Last year was the hottest year since we began keeping track of temperatures in 1880. A joint report from the National Oceanic and Atmospheric Administration (NOAA) and the National Aeronautics and Space Administration (NASA) confirmed the record, adding that 2014 was the 38th consecutive year in which temperatures were warmer than the past year and 9 of the 10 warmest years to date were after 2000.
According to the Intergovernmental Panel on Climate Change (IPCC), the atmosphere and ocean temperatures have warmed, snow and ice levels have fallen, sea level has risen, “and since the 1950s, many of the observed changes are unprecedented over decades to millennia.” Ocean and land temperatures have risen an average of 0.85°C between 1880 and 2012. Most of the planet is experiencing a decrease in the number of cold days and an increase in the number of warm days. A WHO report estimates that an excess 250,000 yearly deaths will be attributable to climate change between 2030 and 2050. These deaths are predicted to result from malnutrition, malaria, diarrhea, and heat stress.
The leading cause of severe weather fatalities in the United States is extreme heat. A study of 23.7 million Medicare enrollees found that older adults are more likely to be hospitalized during heat waves for diseases including fluid and electrolyte disorders, kidney failure, urinary tract infections, heat stroke, and septicemia. The increased risk can last up to five days after the heat wave; however, absolute numbers of excess hospitalizations were small (about 1.2 per 100,000 at risk for the diseases.) Nonetheless, this could increase as heat waves become more common.
Another study concluded that climate change is directly linked to respiratory disorders and infectious diseases. Heat increases the airborne level of pollen and allergens as well as ozone and pollutants that can exacerbate asthma and cardiovascular disease. Indoor and outdoor air pollution already kill 7 million people a year at current levels. The researchers predict that by 2050, New York City and Milwaukee may have three times the current number of days hotter than 90°F.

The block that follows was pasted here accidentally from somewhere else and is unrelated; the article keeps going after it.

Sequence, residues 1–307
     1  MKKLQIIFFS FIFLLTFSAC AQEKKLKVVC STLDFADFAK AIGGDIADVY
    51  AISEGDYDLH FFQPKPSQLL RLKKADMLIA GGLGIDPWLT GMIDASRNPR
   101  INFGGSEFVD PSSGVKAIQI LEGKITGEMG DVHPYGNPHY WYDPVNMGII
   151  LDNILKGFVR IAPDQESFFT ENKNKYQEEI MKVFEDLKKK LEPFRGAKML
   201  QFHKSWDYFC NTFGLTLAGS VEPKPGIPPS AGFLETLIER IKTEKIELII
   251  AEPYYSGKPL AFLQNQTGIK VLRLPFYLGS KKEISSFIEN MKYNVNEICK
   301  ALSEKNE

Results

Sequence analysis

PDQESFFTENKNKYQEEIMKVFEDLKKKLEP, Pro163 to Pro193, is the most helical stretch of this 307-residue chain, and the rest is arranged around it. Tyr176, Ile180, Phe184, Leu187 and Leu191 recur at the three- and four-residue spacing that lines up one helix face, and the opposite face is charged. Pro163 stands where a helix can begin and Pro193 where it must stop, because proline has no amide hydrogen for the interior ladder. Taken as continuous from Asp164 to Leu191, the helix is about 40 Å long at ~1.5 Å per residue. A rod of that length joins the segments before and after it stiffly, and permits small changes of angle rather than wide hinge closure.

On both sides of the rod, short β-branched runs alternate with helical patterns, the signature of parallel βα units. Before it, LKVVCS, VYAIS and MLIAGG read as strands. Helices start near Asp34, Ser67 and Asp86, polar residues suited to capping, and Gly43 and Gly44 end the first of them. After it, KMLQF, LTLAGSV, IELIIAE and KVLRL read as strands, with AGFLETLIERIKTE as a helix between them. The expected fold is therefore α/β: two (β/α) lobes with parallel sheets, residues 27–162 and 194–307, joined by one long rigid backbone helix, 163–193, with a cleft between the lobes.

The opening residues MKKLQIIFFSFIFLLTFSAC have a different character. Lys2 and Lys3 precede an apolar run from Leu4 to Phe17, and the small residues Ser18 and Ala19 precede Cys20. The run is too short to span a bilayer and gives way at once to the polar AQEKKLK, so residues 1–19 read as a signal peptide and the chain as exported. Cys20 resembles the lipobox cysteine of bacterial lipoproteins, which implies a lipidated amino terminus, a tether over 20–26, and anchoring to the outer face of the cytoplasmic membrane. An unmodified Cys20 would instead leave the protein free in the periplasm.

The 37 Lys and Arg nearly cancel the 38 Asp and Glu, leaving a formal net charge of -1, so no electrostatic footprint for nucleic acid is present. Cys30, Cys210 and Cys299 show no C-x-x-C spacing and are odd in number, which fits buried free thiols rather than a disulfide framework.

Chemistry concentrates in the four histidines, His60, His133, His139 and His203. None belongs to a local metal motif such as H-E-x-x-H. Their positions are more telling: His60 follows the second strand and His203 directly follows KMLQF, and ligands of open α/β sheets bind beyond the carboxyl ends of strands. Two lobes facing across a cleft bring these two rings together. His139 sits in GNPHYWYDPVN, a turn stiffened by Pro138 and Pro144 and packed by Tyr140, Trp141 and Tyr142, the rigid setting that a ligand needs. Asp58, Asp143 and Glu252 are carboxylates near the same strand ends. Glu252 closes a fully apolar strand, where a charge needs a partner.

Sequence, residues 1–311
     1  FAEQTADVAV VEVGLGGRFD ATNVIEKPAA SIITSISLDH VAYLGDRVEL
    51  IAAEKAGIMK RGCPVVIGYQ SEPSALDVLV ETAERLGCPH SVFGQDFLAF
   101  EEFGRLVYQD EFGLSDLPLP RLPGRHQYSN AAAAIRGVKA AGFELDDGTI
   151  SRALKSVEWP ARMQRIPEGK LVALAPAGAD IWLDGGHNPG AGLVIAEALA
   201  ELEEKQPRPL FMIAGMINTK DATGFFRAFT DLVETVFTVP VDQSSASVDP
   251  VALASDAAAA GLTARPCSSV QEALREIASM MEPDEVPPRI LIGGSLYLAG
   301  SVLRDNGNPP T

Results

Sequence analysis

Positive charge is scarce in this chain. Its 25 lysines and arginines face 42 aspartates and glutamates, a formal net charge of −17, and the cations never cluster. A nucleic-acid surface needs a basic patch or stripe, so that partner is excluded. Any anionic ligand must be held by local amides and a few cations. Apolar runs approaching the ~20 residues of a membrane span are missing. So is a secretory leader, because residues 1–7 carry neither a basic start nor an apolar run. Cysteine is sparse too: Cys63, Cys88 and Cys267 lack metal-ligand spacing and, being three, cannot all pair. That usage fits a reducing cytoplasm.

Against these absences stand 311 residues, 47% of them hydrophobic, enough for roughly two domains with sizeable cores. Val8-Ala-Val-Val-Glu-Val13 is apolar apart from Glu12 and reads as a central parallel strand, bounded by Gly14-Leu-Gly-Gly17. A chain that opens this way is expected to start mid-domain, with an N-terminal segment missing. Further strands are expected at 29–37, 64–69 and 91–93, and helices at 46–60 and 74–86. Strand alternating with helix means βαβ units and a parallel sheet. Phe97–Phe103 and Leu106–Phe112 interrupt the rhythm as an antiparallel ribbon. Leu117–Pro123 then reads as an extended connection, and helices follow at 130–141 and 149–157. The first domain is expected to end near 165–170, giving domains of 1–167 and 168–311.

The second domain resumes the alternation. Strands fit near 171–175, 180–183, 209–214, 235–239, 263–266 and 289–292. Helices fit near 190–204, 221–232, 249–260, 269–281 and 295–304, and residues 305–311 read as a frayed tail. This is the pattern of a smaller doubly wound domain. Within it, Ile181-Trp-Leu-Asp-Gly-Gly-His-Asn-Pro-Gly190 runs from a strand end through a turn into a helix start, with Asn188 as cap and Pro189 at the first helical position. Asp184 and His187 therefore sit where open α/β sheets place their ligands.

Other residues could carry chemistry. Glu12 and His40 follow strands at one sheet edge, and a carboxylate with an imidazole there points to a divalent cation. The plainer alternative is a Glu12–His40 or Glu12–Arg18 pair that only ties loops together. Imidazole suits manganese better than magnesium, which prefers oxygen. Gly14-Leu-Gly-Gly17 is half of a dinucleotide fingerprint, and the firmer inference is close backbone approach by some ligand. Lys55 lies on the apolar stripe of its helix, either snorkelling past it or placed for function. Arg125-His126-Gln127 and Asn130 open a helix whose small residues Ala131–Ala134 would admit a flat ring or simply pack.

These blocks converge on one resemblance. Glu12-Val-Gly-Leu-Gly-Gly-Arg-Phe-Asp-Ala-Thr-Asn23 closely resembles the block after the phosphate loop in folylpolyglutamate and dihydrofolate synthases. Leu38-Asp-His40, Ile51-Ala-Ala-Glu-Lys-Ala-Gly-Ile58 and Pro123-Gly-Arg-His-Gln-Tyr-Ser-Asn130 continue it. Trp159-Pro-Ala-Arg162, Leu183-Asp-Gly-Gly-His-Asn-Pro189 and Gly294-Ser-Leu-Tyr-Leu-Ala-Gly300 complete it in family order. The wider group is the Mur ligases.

Climate changes have seemingly resulted in more extreme weather. Rates of natural disasters have tripled since the 1960s. Natural disasters affect environmental determinants of health including water, food, and shelter. Floods and storms can contaminate drinking water, destroy land used for agriculture, and affect infrastructure. More than half of the world population lives within 40 miles of the sea, and rising sea levels may render entire cities obsolete. Increasingly variable rainfall patterns will also affect water supply and agricultural yields, especially in poorer places where there is little infrastructure.
Rising temperatures and changing rainfall patterns are expanding the range of mosquitos and snails, which are vectors for diseases like malaria and schistosomiasis. Mosquitos carrying dengue fever are expected to expose an additional 2 billion people to the disease by the 2080s. Both Chikungunya and West Nile Virus are expected to increase in prevalence as the mosquitos carrying these viruses spread to new areas.
On September 23, the United Nations held the 2014 Climate Summit in New York City. Several leading scientists and policymakers were present to speak on a number of issues ranging from the health impacts of climate changes to examples of pollution reduction and clean industries. Dr. Richard Horton, editor of the British medical journal The Lancet, explained the upside of climate change.
The climate crisis is not all bad news – there is a climate dividend to be grasped. There are opportunities for wellbeing and jobs…Part of the challenge is to communicate the threats that climate change presents to health. These are well known, including changes in patterns of disease and mortality, to nutrition, and water and sanitation, and population migration…But it is better to emphasize the opportunities. Changes to diet, electricity generation, transportation, will bring benefits to our wellbeing. We need concrete actions to turn this opportunity into a reality.
– Dr. Richard Horton
It is difficult to predict the actual impact of climate change on public health in terms of numbers and costs, but we have already seen public health concerns directly linked to climate. Efforts are underway to enact policy aimed at reducing emissions and preparing for climate change, but the long-term changes remain to be seen.